I took a solitary breakfast in the dining room of Le Rocher waited on by Maryline Brunaud, now unaccountably without glasses and contemplating distant mysteries as before.
I took the D973 out of town, but soon turned off onto the D15 that would take me to Lamenay-sur-Loire.

View on the Loire from the bridge on the D973 west of Bourbon-Lancy

The D15 and thereafter, the D116 closely follow the route of the Canal Latéral à la Loire to Decize and the going is therefore very flat and easy. This was a completely uneventful journey, the most notable feature of which was the number of large birds of prey to be seen, hunting in the harvested fields.

A large bird of prey - buzzard? kite? - on the bale of straw

There was also a fair amount of wildlife activity in the canal, herons, coots, coypus and huge, unidentifiable fish.

The ubiquitous 'ragondin' - a cool, unhurried chap.

I was cycling along the canal side when I realised that I had a competitor: a large coypu was swimming parallel to me in the canal. He gave me a brief, indifferent glance as I prepared to take the shot and then carried on as if I didn’t exist.

Decize, the next town of any size on my route, I found to be a bit of a dump and I didn’t linger there.

View of Decize from the bridge over the Loire

The journey from Decize to Nevers was complicated by road closure once the D116 had turned into the D13. The bridges over the canal were being renovated and the road was therefore unusable. I carried on along it nonetheless, hoping that at the closed bridges I’d be able to continue along the tow-path. This turned out to be possible, though the state of the path made my progress pretty slow. The weather was also getting a lot warmer and the battle with tree-roots, rocks and sand got me sweating and thirsty.

From Chevenon, I stuck to the tow-path until my destination, Nevers. The canal doesn’t actually enter the town of Nevers, but finishes in a canal-port and then enters the Loire itself.

The canal-port at the Nevers end of the 'Canal Latéral à la Loire'.


Once across the bridge and in the town centre I took a look around. There’s the Palais Ducal at the end of the Place de la République. This Renaissance pile is considered as the first château of the Loire, though quite what this ‘first’ means is not clear. It can’t mean geographically or historically first because those distinctions belong to fortresses higher up.

The Ducal Palace of Nevers

There’s the Cathédrale Saint-Cyr-et-Sainte-Julitte dedicated to the three to five year-old martyr and his mother. The Saint Cyr in question is Saint Cyr of Antioch who is not to be confused with Saint Cyr of Constantinople, nor with Saint Cyr of Alexandria and is either the youngest Christian martyr or one of the youngest depending upon what he age is believed to have been.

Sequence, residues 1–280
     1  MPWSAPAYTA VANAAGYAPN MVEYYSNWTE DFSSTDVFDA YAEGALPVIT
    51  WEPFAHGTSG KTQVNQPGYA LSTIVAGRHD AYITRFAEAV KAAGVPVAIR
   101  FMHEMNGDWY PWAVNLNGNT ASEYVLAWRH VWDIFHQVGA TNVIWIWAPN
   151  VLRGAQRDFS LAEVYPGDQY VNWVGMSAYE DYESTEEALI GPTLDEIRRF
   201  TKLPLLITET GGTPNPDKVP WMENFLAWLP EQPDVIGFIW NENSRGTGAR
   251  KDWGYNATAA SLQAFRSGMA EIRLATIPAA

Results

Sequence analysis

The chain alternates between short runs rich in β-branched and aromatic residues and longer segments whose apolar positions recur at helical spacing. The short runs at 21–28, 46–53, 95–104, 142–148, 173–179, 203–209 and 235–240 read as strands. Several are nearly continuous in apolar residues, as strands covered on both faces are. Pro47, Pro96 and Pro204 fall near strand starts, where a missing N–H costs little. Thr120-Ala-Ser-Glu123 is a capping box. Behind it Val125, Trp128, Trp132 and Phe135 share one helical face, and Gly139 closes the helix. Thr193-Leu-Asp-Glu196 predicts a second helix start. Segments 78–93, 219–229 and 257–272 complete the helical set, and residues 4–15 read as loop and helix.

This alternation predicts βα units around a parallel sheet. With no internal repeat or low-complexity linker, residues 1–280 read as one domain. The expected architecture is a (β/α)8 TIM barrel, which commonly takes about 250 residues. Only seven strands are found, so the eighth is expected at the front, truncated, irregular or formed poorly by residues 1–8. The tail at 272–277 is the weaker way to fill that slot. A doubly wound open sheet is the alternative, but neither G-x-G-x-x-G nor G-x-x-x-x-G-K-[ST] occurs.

The cathedral of Nevers seen from the left bank of the Loire

A few old streets remain around the centre of the town, but much of it is fairly unremarkable.

La rue de la Parcheminerie, Nevers

But what struck me most of all was the bustle and noise of the town centre. Everywhere you went there were competing musical events, choirs, bands, orchestras, individual instumentalists and so on. There were also immense crowds clogging the centre around a huge fairground. Sometimes the cacophony of the competing musical offerings was unbearable. It was all in aid of some national music festival that was happening on or around the day I arrived –  I couldn’t get a very clear idea of what was going on.

I had a bit of refreshment and then made for the Hôtel de Verdun, my goal for the evening.

It turned out to be rather run down, conventionally malodorous and run by a chap who coldn’t have been more than thirty-five but who was as grumpy an old codger as you could hope to meet. He grunted at me, shoved a key and a little slip of paper across the counter, and muttered something about a code. It turned out that this slip of paper contained a vital piece of information that I was gong to need later but, as it turned out, didn’t have.

I showered gratefully and went out for dinner. I found a Greek restaurant on the Place  Carnot and had a meal outside to the accompaniment of a hideously noisy rap band on a dais in front of the Caisse d’Epargne.

It was after this meal, washed down with a jug of Greek wine that I discovered the importance of the slip of paper and the code. The hotel was bolted and barred and there wasn’t a soul to let me in. I rang the bell furiously, but without result. I began to imagine myself sleeping on a bench in the park opposite and was looking around in a bit of a panic when I suddenly realised that another guest was opening the door. I nipped in smartly behind him. He pulled a suspicious face and tried to block my way. I explained the problem and he stared at me as though he expected me to pull a knife on him. I dangled my key in front of his nose and went off to my room. I’m not sure whether it was the Greek wine, but I fell fully clothed onto the bed, and that was that.


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